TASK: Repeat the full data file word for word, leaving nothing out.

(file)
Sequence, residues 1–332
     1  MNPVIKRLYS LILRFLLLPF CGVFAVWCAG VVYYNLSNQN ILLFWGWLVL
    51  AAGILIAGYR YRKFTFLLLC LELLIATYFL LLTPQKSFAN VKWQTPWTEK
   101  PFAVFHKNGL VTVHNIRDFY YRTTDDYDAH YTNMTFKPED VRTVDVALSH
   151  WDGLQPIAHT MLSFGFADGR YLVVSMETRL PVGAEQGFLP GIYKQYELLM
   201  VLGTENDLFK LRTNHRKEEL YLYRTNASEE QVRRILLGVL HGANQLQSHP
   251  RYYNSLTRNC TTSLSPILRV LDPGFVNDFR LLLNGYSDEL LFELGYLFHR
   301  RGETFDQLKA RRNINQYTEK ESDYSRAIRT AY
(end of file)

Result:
Sequence, residues 1–332
     1  MNPVIKRLYS LILRFLLLPF CGVFAVWCAG VVYYNLSNQN ILLFWGWLVL
    51  AAGILIAGYR YRKFTFLLLC LELLIATYFL LLTPQKSFAN VKWQTPWTEK
   101  PFAVFHKNGL VTVHNIRDFY YRTTDDYDAH YTNMTFKPED VRTVDVALSH
   151  WDGLQPIAHT MLSFGFADGR YLVVSMETRL PVGAEQGFLP GIYKQYELLM
   201  VLGTENDLFK LRTNHRKEEL YLYRTNASEE QVRRILLGVL HGANQLQSHP
   251  RYYNSLTRNC TTSLSPILRV LDPGFVNDFR LLLNGYSDEL LFELGYLFHR
   301  RGETFDQLKA RRNINQYTEK ESDYSRAIRT AY